The Glory of God, NT style
The presentation of “God’s glory” in the New Testament is an advance on the Old. Not that it contradicts, of course: there is still judgment in the New Testament, as Ananias and Sapphira found out (Acts 5). But if we examine what the New Testament teaches about “glory,” we find new dimensions that the Old Testament Israelites likely never dreamed of.
In John 1:14, Jesus showed us God’s glory, and it is “full of grace and truth!” The Old Testament makes it clear that God’s glory brings judgment, but Jesus takes that judgment on Himself. The glory of God that Christ brings is characterized by genuine mercy! Instead of judgment for our mistakes, God’s glory is grace for our sins! What if we recognized that instead of desperately trying to get everything just right so we can “have God’s glory,” we simply need to come in joyful submission to Christ and receive His genuine mercy? And that mercy is, itself, God’s glory.
John 17 talks about glory quite a lot: “Father… glorify your Son that the Son may glorify you… Father, glorify me in your own presence with the glory that I had with you… All mine are yours, and yours are mine, and I am glorified in them.” Here in Jesus’ intimate talk with His Father, “glory” always has to do with relationship. Go back and read the chapter again – every mention of “glory” is tied to relationship! Similarly, in Revelation 21, the New Jerusalem is described as “having the glory of God” (vs. 11), and is introduced as “the bride, the Lamb’s wife” (vs. 9). In the New Testament, God’s glory is not centered on the Temple or a church building or any other place – God’s glory is found in the relationship that exists between the believer, Christ, and the Father.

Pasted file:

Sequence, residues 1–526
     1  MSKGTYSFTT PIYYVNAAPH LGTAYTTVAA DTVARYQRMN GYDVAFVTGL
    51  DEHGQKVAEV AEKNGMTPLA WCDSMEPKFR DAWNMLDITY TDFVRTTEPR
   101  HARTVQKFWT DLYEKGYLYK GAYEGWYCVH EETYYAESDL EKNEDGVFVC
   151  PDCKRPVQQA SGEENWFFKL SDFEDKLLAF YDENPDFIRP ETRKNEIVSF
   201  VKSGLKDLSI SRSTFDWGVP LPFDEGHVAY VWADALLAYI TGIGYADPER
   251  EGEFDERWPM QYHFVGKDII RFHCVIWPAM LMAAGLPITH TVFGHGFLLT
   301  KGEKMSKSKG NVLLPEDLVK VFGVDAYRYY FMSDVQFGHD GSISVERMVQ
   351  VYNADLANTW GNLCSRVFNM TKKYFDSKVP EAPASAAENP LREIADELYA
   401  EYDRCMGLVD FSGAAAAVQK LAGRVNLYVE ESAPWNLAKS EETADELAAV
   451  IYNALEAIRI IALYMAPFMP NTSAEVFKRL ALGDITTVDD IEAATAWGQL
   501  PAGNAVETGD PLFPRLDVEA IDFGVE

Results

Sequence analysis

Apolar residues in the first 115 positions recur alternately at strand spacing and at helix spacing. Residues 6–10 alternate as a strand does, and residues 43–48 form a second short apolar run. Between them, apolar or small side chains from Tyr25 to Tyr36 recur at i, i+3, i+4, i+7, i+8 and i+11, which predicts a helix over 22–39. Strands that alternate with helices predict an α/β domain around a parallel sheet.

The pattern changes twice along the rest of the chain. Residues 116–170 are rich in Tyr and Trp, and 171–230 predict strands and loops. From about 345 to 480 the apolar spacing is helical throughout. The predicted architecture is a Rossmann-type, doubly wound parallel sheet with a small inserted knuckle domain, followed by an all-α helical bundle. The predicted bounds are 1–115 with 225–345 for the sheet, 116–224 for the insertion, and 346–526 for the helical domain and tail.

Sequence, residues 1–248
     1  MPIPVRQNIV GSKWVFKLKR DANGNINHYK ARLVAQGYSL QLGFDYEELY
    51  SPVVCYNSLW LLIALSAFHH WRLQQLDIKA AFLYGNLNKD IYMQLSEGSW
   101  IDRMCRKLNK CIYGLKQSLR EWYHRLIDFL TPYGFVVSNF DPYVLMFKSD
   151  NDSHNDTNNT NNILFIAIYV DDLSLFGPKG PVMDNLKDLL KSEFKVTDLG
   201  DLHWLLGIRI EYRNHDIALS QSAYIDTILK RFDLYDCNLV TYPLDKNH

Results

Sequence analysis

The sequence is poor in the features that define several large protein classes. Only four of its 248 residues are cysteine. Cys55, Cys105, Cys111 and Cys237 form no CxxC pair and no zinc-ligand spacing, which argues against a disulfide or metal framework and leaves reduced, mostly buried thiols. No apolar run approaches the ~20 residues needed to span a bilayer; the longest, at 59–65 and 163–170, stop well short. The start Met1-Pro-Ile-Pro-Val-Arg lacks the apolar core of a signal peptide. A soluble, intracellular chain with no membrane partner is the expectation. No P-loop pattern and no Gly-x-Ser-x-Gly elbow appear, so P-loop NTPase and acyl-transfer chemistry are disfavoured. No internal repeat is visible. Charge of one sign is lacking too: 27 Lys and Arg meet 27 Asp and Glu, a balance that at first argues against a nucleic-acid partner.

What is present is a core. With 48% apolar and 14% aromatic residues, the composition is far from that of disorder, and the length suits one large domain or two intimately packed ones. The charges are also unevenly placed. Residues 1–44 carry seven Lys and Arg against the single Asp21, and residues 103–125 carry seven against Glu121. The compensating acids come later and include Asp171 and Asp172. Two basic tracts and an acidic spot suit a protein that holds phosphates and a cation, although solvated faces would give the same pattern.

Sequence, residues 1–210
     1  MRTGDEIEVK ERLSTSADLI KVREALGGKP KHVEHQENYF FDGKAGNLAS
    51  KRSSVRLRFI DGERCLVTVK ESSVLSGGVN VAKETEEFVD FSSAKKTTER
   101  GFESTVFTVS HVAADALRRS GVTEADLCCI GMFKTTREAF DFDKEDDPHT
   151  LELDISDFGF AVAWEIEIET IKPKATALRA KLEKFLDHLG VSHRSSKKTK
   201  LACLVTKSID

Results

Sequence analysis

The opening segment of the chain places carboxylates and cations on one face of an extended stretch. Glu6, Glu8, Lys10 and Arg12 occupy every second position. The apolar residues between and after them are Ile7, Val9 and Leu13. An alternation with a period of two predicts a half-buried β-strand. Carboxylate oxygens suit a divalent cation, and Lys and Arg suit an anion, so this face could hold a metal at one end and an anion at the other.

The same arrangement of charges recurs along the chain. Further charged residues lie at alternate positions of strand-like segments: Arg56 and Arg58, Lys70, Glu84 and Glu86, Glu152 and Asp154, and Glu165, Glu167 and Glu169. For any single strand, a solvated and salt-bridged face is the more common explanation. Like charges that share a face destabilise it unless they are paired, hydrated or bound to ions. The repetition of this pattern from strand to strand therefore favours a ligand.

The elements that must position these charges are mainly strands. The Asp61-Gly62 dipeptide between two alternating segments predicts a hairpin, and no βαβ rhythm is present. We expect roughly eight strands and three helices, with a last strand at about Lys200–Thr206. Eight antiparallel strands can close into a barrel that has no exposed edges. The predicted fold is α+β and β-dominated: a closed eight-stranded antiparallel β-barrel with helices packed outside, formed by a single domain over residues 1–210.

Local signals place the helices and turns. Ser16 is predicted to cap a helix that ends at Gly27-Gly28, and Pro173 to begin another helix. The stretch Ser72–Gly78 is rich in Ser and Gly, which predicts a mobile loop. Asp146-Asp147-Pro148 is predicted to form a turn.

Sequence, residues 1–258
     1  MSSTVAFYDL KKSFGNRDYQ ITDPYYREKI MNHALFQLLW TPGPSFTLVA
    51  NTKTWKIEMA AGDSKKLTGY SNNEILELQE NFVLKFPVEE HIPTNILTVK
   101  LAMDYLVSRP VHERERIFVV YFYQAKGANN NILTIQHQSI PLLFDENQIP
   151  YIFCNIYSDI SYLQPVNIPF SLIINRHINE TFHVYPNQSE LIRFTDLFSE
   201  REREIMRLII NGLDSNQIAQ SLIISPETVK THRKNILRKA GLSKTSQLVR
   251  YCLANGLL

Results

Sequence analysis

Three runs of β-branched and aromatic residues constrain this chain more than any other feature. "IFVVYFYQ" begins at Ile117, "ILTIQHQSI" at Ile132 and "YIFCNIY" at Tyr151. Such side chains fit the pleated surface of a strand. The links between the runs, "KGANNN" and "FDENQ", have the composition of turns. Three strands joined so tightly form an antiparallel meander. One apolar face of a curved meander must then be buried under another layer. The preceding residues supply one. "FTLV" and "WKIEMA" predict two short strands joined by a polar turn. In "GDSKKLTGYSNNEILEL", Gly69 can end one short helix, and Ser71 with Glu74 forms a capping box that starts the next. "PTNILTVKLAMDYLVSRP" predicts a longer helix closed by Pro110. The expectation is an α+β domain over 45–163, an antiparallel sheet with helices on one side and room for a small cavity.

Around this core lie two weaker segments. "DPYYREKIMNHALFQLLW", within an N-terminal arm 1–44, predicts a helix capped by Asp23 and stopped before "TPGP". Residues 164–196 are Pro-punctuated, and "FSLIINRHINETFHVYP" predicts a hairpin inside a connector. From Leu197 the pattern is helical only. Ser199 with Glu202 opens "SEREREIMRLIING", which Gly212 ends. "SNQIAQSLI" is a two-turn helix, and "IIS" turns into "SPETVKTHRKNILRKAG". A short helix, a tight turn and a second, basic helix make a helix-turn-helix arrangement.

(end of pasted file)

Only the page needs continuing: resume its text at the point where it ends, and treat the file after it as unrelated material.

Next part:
Paul describes the difference in the glory of the Old and the New Covenant in 2 Corinthians 3. He concludes his discussion in verse 18, saying that as we look on the “glory of the Lord,” we “are being transformed into the same image from one degree of glory to another.” Simply beholding God’s glory in Christ transforms us into His image – that is, into His glory. Here, then, “glory” is Christlike character, which is developed as we learn of and imitate Christ.
To be fair, there are New Testament passages that use “glory” in a way much more in line with the Old Testament: Luke 2:9, “And an angel of the Lord appeared to them, and the glory of the Lord shone around them, and they were filled with great fear”; Luke 21:27, “the Son of Man coming in a cloud with power and great glory”; Acts 7:55, “But he, full of the Holy Spirit, gazed into heaven and saw the glory of God.”
But in reference to a person, “God’s glory” isn’t a sense of God’s presence. As New Testament believers, to “have God’s glory” is to see souls saved, lives changed, relationships restored, character developed. This is God’s glory, and this is what we need!